Fad diets are popular and sometimes even provide quick weight loss fixes. Unfortunately, they only offer a temporary solution to an often lifelong problem. Let’s hear from four of Altru’s dietitians as they bust myths and reveal truths behind popular nutrition trends.
1. Myth: Gluten free diets result in weight loss.
Truth: A gluten free diet is followed when someone has been diagnosed with Celiac Disease. A gluten free diet consists of eliminating barley, rye, oats and wheat. Weight loss may occur if you eliminate most chips, cookies and desserts. If the chips, cookies and desserts are replaced with gluten free items, the calories are usually the same, due to using a different form of flour. So, if you haven’t been diagnosed with Celiac and want to lose weight, reducing calories and increasing exercise is the way to go.
Nutrition Mythbuster: Danika Warner-Noreen, RD, LRD, CDE
2. Myth: Juicing (the process of removing juice from fresh fruits and vegetables) results in weight loss.
Truth: Juicing is no healthier than eating whole fruits and vegetables. Juice is often lower in nutrients, and the fiber content is near zero. Whole foods usually contain more vitamins and minerals, as many of these nutrients are in or near the skin, which gets discarded as pulp when juiced. Your body does not absorb nutrients better in juice form.
Yet, juicing isn’t all bad. Additional truths:
- Some juicers do reserve the extracted pulp. This fiber-rich pulp can be added to soups, stew and quick breads for added benefit.
- Juicing may improve nutritional intake by incorporating fruits and veggies that may not get eaten due to flavor or texture preferences.
- Juicing can be used as part of a sensible weight loss program, which would also include a variety of nutritious whole foods.
The bottom line: when enjoyed in moderation, fresh-squeezed juice can be a nice way to get in more vitamins and minerals from a variety of fruits and vegetables. However, the best way to lose weight and promote optimal health is to eat a well-balanced diet made up of foods from all food groups.
Nutrition Mythbuster: Lynn Holum, RD, LRD, CDE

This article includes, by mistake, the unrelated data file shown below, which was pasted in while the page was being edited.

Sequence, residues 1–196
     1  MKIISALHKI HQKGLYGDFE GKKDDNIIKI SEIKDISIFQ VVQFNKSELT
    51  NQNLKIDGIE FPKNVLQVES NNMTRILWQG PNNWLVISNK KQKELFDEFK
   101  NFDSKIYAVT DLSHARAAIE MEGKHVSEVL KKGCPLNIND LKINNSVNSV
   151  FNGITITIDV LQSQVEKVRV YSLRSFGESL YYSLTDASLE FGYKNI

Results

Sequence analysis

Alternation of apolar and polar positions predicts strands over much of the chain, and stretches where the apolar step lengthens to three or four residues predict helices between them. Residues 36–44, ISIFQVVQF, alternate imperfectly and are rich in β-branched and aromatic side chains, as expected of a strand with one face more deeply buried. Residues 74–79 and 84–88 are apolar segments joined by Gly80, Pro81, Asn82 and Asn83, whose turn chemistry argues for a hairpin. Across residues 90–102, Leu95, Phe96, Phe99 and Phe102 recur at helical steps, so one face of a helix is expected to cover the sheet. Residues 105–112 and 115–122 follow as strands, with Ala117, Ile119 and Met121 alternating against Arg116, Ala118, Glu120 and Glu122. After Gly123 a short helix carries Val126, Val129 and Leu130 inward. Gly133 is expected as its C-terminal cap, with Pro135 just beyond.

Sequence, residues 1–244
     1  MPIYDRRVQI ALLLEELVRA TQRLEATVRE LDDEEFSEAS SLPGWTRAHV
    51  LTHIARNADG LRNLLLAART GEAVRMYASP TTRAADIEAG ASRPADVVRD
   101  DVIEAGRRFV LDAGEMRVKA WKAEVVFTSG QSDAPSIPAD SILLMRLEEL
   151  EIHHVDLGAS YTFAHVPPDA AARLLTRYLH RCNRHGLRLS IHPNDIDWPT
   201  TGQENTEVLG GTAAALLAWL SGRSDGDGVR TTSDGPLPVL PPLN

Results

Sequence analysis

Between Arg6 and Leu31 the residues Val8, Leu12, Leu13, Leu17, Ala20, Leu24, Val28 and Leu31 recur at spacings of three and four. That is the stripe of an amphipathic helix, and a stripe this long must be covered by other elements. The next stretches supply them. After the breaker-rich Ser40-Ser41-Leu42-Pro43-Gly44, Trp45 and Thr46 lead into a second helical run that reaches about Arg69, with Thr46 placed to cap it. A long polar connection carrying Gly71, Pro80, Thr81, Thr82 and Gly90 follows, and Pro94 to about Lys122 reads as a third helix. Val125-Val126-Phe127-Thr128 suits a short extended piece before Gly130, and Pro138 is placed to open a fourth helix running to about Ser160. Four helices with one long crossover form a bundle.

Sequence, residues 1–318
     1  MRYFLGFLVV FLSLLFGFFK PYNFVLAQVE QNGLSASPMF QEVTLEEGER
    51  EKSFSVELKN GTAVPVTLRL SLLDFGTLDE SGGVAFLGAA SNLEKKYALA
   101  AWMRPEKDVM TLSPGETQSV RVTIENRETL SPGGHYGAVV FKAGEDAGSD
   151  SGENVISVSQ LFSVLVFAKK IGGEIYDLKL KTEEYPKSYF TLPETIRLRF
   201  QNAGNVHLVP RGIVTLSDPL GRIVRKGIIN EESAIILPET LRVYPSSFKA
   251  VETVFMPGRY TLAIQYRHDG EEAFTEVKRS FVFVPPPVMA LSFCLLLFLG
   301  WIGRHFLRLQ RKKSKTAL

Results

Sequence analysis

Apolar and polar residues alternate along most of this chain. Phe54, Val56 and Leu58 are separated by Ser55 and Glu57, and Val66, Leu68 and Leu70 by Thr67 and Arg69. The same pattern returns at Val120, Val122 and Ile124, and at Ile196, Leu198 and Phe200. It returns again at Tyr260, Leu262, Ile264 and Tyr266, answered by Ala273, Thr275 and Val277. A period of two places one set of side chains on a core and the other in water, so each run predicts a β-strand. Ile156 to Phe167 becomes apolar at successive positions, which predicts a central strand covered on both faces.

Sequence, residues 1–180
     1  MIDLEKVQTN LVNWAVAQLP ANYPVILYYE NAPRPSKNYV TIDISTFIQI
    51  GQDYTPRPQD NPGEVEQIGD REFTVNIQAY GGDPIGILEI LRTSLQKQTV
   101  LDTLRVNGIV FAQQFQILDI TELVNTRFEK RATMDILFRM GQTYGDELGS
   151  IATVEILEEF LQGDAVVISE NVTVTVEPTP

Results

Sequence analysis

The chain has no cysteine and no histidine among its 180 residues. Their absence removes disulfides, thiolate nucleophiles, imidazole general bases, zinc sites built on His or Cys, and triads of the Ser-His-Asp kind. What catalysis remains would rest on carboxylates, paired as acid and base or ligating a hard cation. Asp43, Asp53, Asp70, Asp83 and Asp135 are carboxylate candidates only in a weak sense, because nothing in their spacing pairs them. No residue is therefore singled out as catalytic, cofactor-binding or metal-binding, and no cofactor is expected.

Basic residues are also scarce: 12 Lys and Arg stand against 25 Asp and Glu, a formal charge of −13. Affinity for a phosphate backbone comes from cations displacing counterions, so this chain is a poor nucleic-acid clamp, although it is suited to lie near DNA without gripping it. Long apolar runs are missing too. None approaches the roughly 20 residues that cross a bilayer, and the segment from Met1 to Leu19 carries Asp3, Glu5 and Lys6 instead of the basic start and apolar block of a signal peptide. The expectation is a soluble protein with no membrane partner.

3. Myth: Since dietary supplements are easily available – and don’t require a prescription – they are safer than drug products and can be used to self-treat illness without a health professional’s advice or supervision.
Truth: Taking supplements will not necessarily improve your performance and can be dangerous. More is not better. Studies have shown that some herbal products interact with drugs and can have a wide range of effects, including:
- St. John’s Wort may interfere with drugs used by organ transplant patients, and drugs used to treat depression, seizures and certain cancers
- Some alter effectiveness of oral contraceptives
- Garlic, ginko, danshen and dong quai can cause the blood to thin
Always consult with your health care professional prior to taking dietary supplements.
Nutrition Mythbuster: Jennifer Haugen, RD, CSSD, LD
4. Myth: Avoid carbohydrates to lose weight.
Truth: Cutting back on carbs may help you lose weight in the short term, but this is mainly because you are eating less food and calories. Significantly reducing carbohydrates means you will miss out on nutritional benefits provided by healthy choices, such as whole grains, fruits, starchy vegetables, dairy, and dried peas and beans. Low carb diets are restrictive and hard to follow. The weight you lose will likely be regained.
Nutrition Mythbuster: Becky Westereng, RD, CSSD, LD, CDE
Lifestyle modification, rather than quick fixes, is the way to go for long-term weight loss and maintenance. If you are looking to manage your weight by changing your diet and exercise for the better, check out Altru’s Weight Management Program or visit with one of our dietitians.